Microsoft Cloud Servers
source: Data center Knowledge

According to some of the reports and sources, and in the news collected by the team of Galaxy Reporters, the thing is found out that most of the Microsoft Cloud Servers hosted on Azure were down on the 1st of April. Along with this the official accounts on Twitter under the name of the @AzureSupport and @MSFT365Status also reported the same thing that the serves are getting down and the reason was that many users to non-working alternate status pages as of 5:45 p.m. ET.

Most of the users are have also reported that time that the Azure Portal, Azure Services, Dynamics 365, Xbox Live, and a host of other services cannot be reached. Along with this was also down. It was also unsure at that time that how many regions and countries are being affected and along with this the Microsoft’s suggested Azure page also stated that “An emerging issue is being investigated. We will provide an update with additional details shortly.”

Around 6 P.M. the MSFT365Status account also posted that “We’re investigating a potential DNS issue and are evaluating our mitigation options.”

And after that around 6:30 PM, the Azure page was out and after that, the Asus message is saying that “a subset” of users may experience “intermittent issues” with Microsoft services.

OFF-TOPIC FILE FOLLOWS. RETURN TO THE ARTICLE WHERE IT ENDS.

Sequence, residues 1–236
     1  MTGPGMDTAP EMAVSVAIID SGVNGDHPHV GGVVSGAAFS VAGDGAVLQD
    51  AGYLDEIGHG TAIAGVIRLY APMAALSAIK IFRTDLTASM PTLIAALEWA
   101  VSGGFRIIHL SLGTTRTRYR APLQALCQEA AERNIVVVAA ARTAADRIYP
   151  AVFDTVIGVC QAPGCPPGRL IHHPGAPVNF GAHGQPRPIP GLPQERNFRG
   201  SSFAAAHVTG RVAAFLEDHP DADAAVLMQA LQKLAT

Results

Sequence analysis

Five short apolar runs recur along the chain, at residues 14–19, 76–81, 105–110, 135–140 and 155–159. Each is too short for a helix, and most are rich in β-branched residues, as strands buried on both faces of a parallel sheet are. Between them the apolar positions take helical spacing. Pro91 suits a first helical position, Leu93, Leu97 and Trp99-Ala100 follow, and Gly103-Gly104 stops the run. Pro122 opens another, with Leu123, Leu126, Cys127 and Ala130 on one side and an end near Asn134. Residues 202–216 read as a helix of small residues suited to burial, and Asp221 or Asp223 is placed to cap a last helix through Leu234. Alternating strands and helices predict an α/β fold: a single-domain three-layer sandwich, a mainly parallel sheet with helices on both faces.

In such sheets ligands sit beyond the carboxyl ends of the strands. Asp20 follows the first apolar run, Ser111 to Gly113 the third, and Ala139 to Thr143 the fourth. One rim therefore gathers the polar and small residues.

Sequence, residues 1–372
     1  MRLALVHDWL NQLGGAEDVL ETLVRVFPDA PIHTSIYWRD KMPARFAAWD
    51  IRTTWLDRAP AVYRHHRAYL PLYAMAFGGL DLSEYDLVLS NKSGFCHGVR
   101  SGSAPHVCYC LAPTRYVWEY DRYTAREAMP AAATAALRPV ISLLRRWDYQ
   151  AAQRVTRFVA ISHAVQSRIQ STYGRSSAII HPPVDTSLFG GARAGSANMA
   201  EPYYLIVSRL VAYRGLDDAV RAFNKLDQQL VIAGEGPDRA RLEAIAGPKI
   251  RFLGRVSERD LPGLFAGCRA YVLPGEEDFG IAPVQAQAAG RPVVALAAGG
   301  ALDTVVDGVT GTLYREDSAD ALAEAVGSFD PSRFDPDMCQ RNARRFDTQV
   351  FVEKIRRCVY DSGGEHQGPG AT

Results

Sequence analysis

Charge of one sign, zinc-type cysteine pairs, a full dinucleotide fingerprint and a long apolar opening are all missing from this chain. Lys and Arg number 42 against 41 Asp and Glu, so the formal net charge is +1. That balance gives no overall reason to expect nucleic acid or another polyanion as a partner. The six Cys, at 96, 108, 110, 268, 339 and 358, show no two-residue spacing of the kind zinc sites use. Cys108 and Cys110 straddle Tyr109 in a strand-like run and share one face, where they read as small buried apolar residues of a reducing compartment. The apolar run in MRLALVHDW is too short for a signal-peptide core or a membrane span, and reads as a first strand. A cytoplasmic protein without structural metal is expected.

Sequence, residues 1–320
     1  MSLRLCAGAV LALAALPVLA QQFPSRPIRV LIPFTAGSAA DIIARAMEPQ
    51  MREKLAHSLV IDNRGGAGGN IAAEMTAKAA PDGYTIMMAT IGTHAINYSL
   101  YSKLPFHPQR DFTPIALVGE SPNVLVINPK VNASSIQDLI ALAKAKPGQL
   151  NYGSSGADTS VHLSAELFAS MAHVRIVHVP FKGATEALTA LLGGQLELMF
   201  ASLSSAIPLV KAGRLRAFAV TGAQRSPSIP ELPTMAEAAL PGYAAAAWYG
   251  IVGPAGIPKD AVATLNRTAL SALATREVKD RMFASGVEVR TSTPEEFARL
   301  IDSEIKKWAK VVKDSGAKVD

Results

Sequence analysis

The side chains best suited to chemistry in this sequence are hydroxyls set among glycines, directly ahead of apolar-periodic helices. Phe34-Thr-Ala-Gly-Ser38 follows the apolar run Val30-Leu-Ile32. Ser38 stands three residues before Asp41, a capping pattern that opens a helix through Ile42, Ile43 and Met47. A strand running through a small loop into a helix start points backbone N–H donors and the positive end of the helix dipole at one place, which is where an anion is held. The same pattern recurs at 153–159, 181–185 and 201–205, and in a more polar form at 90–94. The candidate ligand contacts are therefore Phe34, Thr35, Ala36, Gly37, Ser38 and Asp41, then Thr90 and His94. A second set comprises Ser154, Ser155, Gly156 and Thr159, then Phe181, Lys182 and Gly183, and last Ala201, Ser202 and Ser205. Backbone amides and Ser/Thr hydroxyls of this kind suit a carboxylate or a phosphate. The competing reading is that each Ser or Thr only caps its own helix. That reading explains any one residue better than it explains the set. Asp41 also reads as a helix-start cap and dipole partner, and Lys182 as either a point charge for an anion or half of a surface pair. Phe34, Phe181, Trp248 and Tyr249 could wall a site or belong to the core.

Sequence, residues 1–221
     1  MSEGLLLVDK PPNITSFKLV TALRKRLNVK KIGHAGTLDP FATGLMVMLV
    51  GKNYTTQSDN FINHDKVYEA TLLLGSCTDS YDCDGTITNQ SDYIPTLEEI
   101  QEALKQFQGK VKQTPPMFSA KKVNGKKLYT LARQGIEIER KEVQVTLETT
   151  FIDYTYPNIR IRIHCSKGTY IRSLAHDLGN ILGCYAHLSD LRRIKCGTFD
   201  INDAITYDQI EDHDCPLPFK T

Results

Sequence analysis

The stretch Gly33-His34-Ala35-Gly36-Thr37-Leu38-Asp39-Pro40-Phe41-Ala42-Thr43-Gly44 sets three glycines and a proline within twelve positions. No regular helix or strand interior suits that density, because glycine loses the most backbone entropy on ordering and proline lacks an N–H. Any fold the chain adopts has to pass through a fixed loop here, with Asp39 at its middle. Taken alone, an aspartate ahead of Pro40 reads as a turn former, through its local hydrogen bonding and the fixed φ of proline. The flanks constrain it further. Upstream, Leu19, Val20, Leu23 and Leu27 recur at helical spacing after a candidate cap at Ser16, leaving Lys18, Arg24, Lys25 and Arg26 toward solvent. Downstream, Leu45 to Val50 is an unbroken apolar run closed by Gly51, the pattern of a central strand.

And after that around 6:30 PM, the MSFT365Status account posted that “Microsoft rerouted traffic to our resilient DNS capabilities and are seeing improvement in service availability. We are continuing to investigate the cause of the DNS issue. The next update will be provided in 60 minutes or as events warrant.”

And after that around 10:37 PM the MSFT365Status account officially posted that the Microsoft server problem is solved and they posted that “We’ve successfully resolved the issue that was causing residual impact for SharePoint Online and we’ve confirmed that all Microsoft 365 services have returned to a healthy state.”

Along with all this day the Microsoft customer, Long Zheng also noted that “This Azure DNS issue didn’t start today. I’ve seen random DNS resolution failures to App Services and Cloud Services since a couple of days ago which clearly escalated. I’m surprised Azure engineers don’t have some internal metrics that could have caught this earlier.”

Now after few days on April 2 the main cause for the problem was posted was that “We are continuing to investigate the underlying cause for the DNS outage but we have observed that Microsoft DNS servers saw a spike in DNS traffic.”

And that’s all was about the Microsoft Cloud Servers that were down that day.


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Born in Florida, brought up in New York, Nick Nesser is known as the best author for the Space section of Galaxy Reporters. Also, he is best known for his research on astronomy and his love for the satellites.


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